“It was a challenge just to learn how to get around independently or find a way to be able to see things in everyday life,” McLean said. “But I think the bigger challenge than that when I was younger was being bullied and picked on.”

The comments ran the gamut.

“I’ve heard it all,” he said. “I don’t think there’s anything I could say that would do it justice.

“People would beat me up. I would have to get in fights. And it wasn’t just little kids being mean. It was grown men and women coming up to me and making comments.”

It made him mad. It made him motivated.

“That fueled the fire,” he said. “That made me stronger, mentally and emotionally.”


He managed to hide the bullying from his parents, Heather and Pete McLean, until the stories spilled out one evening around the firepit after his eighth-grade year.

“He just talked all about it,” Heather said. “That’s really tricky for me to hear, after the fact.”

Especially because Heather is a longtime special-education teacher at Interlake, a fierce protector of vulnerable kids.

Not that Zach considered himself vulnerable. Extremely independent, he insisted his parents never needed to intervene.

“And he never had any marks on him, so he must have held his own,” Heather said. “You see him now, no one is going to mess with him.”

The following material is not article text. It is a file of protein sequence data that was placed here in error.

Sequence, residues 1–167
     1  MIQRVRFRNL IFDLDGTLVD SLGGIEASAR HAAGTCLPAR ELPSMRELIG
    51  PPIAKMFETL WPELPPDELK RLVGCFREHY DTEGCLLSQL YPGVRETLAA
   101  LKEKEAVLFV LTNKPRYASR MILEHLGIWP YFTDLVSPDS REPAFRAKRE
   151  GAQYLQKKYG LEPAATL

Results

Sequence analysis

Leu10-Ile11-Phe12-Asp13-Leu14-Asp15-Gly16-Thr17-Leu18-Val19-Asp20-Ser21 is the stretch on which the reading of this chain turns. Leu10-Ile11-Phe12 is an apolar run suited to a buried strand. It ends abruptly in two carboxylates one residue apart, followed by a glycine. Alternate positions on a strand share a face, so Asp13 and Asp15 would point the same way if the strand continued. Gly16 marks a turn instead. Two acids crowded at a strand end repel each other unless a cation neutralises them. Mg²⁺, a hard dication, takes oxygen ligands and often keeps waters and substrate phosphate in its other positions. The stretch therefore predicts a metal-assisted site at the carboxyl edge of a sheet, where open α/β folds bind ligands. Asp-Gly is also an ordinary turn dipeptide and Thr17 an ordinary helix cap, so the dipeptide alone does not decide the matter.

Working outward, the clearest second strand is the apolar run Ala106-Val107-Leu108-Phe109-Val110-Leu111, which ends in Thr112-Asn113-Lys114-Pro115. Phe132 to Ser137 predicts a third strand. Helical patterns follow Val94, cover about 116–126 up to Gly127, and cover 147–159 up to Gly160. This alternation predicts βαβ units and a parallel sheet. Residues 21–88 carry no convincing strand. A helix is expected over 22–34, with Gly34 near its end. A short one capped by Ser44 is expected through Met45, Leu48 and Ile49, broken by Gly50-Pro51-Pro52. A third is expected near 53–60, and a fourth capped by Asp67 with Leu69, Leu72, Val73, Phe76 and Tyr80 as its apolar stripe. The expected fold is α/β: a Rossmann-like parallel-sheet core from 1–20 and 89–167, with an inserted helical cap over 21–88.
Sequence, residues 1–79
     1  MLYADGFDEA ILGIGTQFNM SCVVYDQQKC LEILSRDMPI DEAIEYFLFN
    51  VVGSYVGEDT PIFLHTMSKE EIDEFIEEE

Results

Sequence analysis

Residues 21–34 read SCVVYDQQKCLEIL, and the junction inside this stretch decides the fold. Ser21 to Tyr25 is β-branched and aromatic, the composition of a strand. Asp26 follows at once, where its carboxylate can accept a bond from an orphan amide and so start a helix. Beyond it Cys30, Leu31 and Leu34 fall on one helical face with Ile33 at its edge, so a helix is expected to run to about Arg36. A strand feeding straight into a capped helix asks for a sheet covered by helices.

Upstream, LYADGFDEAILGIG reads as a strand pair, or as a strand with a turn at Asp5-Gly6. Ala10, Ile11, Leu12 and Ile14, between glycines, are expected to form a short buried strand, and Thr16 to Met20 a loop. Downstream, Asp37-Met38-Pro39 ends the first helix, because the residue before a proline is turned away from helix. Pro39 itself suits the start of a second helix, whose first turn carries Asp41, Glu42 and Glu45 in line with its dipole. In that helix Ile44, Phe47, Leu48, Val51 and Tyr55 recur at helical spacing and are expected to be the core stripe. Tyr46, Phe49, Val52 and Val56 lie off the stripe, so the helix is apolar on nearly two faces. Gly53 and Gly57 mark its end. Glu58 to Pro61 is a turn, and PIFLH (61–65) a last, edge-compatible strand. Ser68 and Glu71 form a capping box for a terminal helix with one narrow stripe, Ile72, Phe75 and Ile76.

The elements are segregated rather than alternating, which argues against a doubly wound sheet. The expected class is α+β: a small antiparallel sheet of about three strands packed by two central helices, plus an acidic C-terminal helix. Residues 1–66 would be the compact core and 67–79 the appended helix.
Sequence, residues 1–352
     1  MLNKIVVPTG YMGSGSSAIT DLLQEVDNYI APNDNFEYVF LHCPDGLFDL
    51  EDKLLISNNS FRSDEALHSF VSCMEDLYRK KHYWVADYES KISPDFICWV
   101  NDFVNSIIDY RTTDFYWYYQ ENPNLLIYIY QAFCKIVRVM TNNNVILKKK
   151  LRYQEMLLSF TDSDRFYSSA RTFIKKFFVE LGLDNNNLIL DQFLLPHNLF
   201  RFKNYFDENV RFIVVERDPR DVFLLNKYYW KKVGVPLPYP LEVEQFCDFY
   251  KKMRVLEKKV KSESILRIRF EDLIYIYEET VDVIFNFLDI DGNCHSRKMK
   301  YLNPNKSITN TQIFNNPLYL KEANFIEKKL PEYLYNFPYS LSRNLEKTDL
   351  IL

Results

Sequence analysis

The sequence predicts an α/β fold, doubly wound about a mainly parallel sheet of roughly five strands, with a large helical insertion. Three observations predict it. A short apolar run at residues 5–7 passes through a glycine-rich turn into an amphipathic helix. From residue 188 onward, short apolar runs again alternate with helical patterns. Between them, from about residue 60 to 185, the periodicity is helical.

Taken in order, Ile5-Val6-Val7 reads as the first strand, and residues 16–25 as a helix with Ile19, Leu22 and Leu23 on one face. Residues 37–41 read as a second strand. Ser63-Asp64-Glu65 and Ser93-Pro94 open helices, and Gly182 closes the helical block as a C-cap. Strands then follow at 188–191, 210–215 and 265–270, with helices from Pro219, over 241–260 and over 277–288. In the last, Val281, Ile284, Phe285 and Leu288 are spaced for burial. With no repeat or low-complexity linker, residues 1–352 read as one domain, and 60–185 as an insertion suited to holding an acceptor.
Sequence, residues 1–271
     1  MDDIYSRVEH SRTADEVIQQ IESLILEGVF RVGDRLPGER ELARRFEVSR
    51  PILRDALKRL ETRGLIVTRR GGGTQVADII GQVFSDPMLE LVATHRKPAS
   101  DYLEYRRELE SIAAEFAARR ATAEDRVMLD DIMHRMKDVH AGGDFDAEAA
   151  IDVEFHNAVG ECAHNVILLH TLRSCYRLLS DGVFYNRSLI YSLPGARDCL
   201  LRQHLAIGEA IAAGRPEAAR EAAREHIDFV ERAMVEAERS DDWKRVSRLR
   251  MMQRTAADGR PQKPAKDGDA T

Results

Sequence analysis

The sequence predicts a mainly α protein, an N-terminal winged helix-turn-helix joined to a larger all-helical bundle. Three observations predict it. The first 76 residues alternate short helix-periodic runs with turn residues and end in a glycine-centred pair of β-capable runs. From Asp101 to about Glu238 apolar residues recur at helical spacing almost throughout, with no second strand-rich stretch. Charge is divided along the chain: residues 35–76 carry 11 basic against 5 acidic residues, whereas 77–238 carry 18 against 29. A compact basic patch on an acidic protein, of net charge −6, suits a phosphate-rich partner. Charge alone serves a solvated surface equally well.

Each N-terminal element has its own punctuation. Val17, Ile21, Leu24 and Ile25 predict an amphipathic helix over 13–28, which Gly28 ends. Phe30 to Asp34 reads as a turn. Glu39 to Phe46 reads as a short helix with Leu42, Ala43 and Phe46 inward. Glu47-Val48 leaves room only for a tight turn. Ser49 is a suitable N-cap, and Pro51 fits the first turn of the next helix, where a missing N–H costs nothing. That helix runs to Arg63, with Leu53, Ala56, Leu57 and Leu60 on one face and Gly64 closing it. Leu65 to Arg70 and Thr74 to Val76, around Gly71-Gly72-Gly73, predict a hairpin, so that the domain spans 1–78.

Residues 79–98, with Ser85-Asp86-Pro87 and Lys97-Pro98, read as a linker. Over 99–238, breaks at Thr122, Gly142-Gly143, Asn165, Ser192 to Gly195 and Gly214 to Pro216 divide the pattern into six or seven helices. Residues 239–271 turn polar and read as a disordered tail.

Some of that holding his own came by design.

Heather and Pete, both former collegiate athletes, wanted life to be as normal as possible for their son once they accepted his condition wasn’t fixable — which didn’t happen without dozens of doctor visits stretching from Seattle to Oregon to MIT and Harvard.


Zach was about 6 months old when his parents noticed something was off. The first doctor deemed him cross-eyed and suggested surgery.

They sought a second opinion. And a third.

One doctor said Zach would ultimately lose all vision.

Heather and Pete didn’t buy it.

They took him to a premier eye clinic at the Oregon Health and Science University (OHSU), where tests detected the pigmentation. Zach later became part of a study at MIT, and his parents were told they were aware of only one other patient in the world — a girl from England — with the same condition, which has no name.

And, at this point, no cure. Or a known cause.

Heather and Pete don’t even wear glasses. Neither does Zach’s younger sister.

Zach continues to make annual visits to OHSU that have revealed no changes in the size of the pigmentation or Zach’s vision. So, they stay the course.

Heather and Pete had Zach go through the tests to get the legally blind diagnosis. They knew he would need it for assistance in educational settings.

It’s not a term Zach — who carries a 3.7 grade-point average — particularly likes.


“It is informative, but I just feel like there are misconceptions,” he said. “A lot of people hear ‘legally blind’ and they think, ‘Oh, he can’t see.’ Usually, people go to extremes.”

Zach’s parents got him involved in a variety of sports, from baseball to soccer to swimming (which he especially excelled at but didn’t particularly like) to mixed martial arts. He earned his black belt in taekwondo at age 9.

But Zach longed to turn out for football, which he loved watching and playing with friends. Heather was hesitant because of the injury potential, then relented when Zach reached seventh grade.